Powerful technologies like artificial intelligence (AI) are doing amazing things. They have the potential to help humanity and improve human well-being across the globe. But since tech is playing a bigger role in our lives every day, appropriate governance is urgently needed to ensure that the benefits of AI outweigh the risks of causing harm. Gillian Hadfield, director of the Schwartz Reisman Institute for Technology and Society at the University of Toronto, will discuss her work on the governance, regulation and certification of AI, as well as the challenges facing jurisdictions around the world in keeping up with the pace of technological development.
Gillian Hadfield, B.A. (Hons.) Queens, J.D., M.A., Ph.D. (Economics) Stanford, is Professor of Law and Professor of Strategic Management at the University of Toronto and holds the Schwartz Reisman Chair in Technology and Society. She is the inaugural Director of the Schwartz Reisman Institute for Technology and Society. Her research is focused on innovative design for legal and dispute resolution systems in advanced and developing market economies, governance for artificial intelligence, the markets for law, lawyers, and dispute resolution and contract law and theory. Professor Hadfield is a Faculty Affiliate at the Vector Institute for Artificial Intelligence in Toronto and at the Center for Human-Compatible AI at the University of California Berkeley and Senior Policy Advisor at OpenAI in San Francisco. Her book Rules for a Flat World: Why Humans Invented Law and How to Reinvent It for a Complex Global Economy was published by Oxford University Press in 2017; a paperback edition with a new prologue on AI was published in 2020.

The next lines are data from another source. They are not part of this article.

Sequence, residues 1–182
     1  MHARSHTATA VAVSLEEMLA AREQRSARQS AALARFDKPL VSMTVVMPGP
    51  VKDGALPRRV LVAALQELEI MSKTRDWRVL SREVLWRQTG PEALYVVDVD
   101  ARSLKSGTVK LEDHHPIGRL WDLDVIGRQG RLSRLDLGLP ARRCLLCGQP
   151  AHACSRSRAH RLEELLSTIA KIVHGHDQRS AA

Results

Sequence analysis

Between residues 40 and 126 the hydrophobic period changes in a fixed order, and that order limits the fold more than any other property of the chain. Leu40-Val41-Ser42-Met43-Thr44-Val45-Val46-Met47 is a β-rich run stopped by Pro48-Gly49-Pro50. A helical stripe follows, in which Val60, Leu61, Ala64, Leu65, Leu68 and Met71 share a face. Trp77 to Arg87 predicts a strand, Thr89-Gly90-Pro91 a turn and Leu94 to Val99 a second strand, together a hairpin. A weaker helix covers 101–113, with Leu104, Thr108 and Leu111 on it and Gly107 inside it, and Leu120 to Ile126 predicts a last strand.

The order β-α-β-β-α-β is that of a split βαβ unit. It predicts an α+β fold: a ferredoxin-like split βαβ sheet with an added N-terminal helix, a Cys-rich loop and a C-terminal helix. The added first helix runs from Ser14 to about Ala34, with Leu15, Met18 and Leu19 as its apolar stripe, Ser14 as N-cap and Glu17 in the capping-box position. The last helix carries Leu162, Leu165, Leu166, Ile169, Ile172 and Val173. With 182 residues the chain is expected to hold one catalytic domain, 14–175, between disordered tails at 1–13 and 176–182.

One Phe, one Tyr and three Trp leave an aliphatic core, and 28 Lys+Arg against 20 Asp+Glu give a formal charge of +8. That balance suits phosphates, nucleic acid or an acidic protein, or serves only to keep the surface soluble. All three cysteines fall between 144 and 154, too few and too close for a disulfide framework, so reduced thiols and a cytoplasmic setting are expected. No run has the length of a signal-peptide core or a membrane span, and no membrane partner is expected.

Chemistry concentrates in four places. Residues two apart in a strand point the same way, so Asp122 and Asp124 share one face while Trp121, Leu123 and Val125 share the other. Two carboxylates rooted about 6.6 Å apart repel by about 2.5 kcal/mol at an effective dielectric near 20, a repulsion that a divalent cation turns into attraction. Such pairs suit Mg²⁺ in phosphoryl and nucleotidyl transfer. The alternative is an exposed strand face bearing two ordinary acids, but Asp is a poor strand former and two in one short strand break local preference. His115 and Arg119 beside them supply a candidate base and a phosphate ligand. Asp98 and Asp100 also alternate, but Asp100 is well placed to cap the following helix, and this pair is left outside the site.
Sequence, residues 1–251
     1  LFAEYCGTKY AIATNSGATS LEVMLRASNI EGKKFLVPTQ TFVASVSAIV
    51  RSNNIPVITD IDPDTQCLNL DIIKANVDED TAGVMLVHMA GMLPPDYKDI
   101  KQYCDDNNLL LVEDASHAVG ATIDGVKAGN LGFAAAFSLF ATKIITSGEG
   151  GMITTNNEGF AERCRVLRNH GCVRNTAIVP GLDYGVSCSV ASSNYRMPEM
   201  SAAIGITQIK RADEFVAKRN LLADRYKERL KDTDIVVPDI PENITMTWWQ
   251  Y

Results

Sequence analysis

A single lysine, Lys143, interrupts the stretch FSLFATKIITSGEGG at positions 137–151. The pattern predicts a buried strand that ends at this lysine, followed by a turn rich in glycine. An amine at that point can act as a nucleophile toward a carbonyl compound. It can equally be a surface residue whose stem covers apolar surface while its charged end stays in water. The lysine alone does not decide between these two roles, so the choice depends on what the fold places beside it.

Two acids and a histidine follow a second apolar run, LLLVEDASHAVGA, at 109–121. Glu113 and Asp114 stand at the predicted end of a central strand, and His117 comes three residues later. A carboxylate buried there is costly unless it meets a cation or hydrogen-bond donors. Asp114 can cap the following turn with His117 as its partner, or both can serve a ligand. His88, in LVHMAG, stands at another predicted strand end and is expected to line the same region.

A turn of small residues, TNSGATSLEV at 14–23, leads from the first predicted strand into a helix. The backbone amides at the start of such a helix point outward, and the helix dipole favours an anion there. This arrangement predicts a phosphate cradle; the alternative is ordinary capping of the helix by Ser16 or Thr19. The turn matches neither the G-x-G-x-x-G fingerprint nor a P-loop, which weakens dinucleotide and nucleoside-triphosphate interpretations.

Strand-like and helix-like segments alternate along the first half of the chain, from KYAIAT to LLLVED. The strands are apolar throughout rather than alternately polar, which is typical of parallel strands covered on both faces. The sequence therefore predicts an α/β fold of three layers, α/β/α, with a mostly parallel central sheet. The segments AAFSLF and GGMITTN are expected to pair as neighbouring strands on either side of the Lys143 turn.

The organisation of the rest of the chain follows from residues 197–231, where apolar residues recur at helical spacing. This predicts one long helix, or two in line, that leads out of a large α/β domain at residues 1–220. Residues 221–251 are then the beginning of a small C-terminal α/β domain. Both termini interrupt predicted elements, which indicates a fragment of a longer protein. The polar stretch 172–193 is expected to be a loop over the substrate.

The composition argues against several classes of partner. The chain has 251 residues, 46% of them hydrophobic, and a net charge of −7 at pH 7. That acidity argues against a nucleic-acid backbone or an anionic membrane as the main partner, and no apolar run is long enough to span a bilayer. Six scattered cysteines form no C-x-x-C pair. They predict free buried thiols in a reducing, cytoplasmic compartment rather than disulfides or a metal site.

Professor Hadfield served as clerk to Chief Judge Patricia Wald on the U.S. Court of Appeals, D.C. Circuit. She was previously on the faculty at the University of Southern California, New York University and the University of California Berkeley, and has been a visiting professor at the University of Chicago, Harvard, Columbia and Hastings College of Law. She was a 2006-07 and 2010-11 fellow of the Center for Advanced Study in the Behavioral Sciences at Stanford and a National Fellow at the Hoover Institution in 1993. She has been a member of the World Economic Forum’s Global Future Council for Agile Governance, Future Council for the Future of Technology, Values and Policy and Global Agenda Council for Justice. She served on the American Bar Association’s Commission on the Future of Legal Education and is an advisor to courts and several organizations and technology companies engaged in innovating new ways to make law smarter and more accessible.